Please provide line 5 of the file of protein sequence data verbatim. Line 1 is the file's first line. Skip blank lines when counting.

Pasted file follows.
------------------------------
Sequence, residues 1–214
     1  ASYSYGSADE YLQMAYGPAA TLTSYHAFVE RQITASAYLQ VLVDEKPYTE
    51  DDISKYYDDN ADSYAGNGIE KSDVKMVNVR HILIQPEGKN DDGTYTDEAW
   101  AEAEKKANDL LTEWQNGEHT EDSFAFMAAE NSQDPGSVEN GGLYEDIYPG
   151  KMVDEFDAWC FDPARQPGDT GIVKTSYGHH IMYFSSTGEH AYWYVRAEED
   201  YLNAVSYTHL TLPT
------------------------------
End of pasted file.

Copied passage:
   151  KMVDEFDAWC FDPARQPGDT GIVKTSYGHH IMYFSSTGEH AYWYVRAEED